Gold’s growth strategy: green or brown, cash or stock?

Gold enters its fourth month of correction, though we believe late-cycle financial risks will increase. We also take a closer look at the Zijin-Continental and Kirkland-Detour deals.


Trade deal or no trade deal?

There was not much significant news flow to drive markets in November. As such, markets were fixated on whether or not a trade deal might happen between the US and China. Gold fell to US$1,445 per ounce at one point amid press reports of a “Phase 1” tariff deal. However, there was little movement in the US dollar or interest rates, and the stock market turned giddy once again, with the S&P 500 jumping to new all-time highs. Perhaps the stock market was also responding to the resumption of quantitative-easing-style stimulus, disguised as support for the overnight lending market. The gold price declined by US$48.99 (3.2%) to US$1,463.95. Gold stocks performed in-line with gold, as the NYSE Arca Gold Miners Index fell 2.04% and the MVIS Global Junior Gold Miners Index declined 0.98%.

Correction continues but warning signs are flashing

The gold price remains elevated above US$1,450 as it enters its fourth month of correction after reaching a six-year high of US$1,557 in early September. Global gold exchange traded products (ETPs) subsequently experienced their first significant outflows, though small inflows did resume in late November. It is difficult to see much market movement in the near term as the Fed’s rate outlook appears to be on hold, Brexit was postponed again, and global trade stagnates. Geopolitical risks continue to escalate with persistent protests in Hong Kong and Latin America. Brazen terrorist attacks have also gripped West Africa, while conflicts continue in the Middle East. Political unrest has yet to have a significant impact on global financial markets despite its increasing breadth and frequency. We believe late-cycle financial risks will increase.  With no end in sight to the spread of geopolitical turmoil, we believe gold might see significant gains in the next year.

Growth strategy: from exploration to M&A

Based on S&P Global Markets’ estimates for 2019 exploration spending, Australia spent more in exploration than Canada and the US this year. Gold remains the leading metal with US$4.29 billion allocated towards exploration — down 12% from last year despite the jump in the gold price. As well, this is actually the first year that mine-site, or “brownfields”, budgets have accounted for the largest share of exploration spending, with past spending results typically dominated by new, or “greenfields”, exploration.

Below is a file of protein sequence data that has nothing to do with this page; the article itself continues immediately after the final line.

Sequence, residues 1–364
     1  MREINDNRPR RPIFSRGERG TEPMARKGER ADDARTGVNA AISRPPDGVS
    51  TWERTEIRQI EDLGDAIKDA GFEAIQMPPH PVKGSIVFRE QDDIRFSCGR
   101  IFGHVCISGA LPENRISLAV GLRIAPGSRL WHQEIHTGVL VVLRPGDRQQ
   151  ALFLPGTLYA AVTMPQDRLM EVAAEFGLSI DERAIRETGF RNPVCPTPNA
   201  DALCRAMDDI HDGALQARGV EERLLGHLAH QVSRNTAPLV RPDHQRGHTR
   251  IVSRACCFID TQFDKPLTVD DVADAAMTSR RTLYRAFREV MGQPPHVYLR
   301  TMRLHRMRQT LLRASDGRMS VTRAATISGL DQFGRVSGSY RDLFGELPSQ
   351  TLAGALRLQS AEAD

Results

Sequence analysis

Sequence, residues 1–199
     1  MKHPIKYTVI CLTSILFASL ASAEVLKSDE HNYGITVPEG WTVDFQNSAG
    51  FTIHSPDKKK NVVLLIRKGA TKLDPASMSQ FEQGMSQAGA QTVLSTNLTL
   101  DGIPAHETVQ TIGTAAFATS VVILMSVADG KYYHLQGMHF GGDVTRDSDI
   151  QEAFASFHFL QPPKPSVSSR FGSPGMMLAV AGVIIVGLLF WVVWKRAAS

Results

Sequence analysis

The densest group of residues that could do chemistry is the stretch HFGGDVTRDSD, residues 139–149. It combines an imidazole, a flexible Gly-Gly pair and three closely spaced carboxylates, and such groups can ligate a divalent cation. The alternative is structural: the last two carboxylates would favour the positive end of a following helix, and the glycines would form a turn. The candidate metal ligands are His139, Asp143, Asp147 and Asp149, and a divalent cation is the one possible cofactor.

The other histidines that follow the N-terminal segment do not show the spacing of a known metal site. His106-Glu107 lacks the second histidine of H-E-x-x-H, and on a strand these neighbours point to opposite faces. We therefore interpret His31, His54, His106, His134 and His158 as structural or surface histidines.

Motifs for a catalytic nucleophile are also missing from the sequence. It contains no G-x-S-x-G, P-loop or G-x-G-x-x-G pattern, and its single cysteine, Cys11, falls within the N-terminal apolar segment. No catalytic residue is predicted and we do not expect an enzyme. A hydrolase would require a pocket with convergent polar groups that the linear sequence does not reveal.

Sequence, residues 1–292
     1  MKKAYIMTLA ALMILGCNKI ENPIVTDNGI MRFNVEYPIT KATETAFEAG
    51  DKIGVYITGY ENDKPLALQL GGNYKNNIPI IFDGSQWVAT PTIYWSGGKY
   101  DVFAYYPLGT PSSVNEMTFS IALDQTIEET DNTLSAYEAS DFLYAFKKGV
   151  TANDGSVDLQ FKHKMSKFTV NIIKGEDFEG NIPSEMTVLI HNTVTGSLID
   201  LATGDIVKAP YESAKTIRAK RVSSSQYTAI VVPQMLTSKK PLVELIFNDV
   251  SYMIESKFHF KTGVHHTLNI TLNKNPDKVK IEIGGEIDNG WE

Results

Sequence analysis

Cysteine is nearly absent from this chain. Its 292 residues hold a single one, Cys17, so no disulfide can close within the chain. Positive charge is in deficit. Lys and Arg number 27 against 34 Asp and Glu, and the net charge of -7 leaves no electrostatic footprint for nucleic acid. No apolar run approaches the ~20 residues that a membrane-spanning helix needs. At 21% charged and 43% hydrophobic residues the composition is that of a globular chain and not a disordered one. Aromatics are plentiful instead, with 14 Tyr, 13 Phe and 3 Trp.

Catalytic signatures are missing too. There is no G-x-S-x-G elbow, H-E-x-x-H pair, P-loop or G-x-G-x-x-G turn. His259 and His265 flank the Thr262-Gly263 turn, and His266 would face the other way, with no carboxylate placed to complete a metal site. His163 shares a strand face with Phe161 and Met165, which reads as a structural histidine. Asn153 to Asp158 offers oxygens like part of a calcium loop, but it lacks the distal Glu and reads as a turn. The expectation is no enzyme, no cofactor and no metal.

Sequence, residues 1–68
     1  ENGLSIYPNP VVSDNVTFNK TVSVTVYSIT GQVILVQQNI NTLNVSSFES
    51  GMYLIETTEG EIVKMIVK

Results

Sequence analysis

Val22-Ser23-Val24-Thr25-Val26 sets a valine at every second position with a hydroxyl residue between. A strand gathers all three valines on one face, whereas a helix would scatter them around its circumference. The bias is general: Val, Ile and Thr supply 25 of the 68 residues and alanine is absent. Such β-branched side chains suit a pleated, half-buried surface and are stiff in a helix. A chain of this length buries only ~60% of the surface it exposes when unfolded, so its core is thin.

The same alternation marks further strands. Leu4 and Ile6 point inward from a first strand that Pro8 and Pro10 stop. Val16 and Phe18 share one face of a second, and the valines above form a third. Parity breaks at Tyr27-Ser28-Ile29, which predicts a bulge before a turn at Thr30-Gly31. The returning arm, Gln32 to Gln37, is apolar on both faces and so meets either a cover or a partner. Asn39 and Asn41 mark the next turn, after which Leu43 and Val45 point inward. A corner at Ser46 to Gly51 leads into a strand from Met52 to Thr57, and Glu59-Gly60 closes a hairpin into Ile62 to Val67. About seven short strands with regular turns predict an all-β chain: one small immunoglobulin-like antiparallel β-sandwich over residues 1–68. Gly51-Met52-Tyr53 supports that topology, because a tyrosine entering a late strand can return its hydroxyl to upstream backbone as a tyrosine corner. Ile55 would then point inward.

We believe this reflects the current strategy of many producers to focus on getting more from their existing assets to create value organically, rather than building in new areas. While this strategy works quite well, we think it has its limits and that companies will eventually need to increase their greenfields efforts or engage in mergers and acquisitions (M&A).

M&A activity has increased recently, with Zijin Mining, China’s largest listed producer of mined gold,   announcing its acquisition of Toronto-based Continental Gold.  The US$1.05 billion all-cash deal is valued at a 29% premium over Continental’s 20-day volume weighted average stock price.  Continental is building Colombia’s first world-class underground gold operation, set to start production in 2020. In our opinion, Continental has done a good job of discovering and developing the Buritica Project. While Zijin is paying a hefty premium, our valuation indicates that if the company can navigate the recent political turmoil gripping Colombia and properly manage the start-up risks that all new mines face, they, too, may realise a generous return on their investment.

A closer look at the Kirkland-Detour deal

Separately, mid-tier producer Kirkland Lake Gold also announced a friendly acquisition of Detour Gold. The two combined have a market value of around US$12 billion. Kirkland company presentations estimate 2019 production of 960,000 ounces, mainly from two high-grade underground mines in Canada and Australia at all-in sustaining cost (AISC) of US$540 per ounce. Detour estimates 2019 production of 600,000 ounces from a large low-grade open pit in Canada at AISC of US$1,140 per ounce.

Both companies have done well. Kirkland’s  share price is up 60% this year, while Detour is in the process of a turnaround under its new CEO, and its stock has re-rated. 

The acquisition provides a third cornerstone asset for Kirkland. Kirkland also has the capital needed to advance exploration and, hopefully, increase Detour’s production by up to 50%.

While the strategy behind this acquisition makes sense, we are disappointed with the structure of the deal. This is an all-stock deal where Kirkland has offered a 24% premium for Detour. As we detailed in our October commentary, premium all-stock deals historically result in substantial declines in the acquirers’ share price. In addition, large quantities of the stock may wind up in the hands of M&A arbitrageurs, which can churn in the market for months, keeping further pressure on the stock. Unfortunately, this deal has followed the same share price pattern we have seen in past all-stock deals. In the two days following the announcement, Kirkland declined 17.8%, nearly wiping out Detour’s premium. The decline wiped out US$2 billion of Kirkland’s market value.

Shareholders will vote on this deal in January. It will be interesting to see if they accept the recent loss of value in exchange for the promise of a stronger future, or whether they reject a deal structure that has destroyed value for other companies in the past. In our opinion, gold companies that are unwilling or unable to pay cash must find more innovative ways of doing M&A deals that preserve and enhance value for their owners.


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Published: 05 December 2019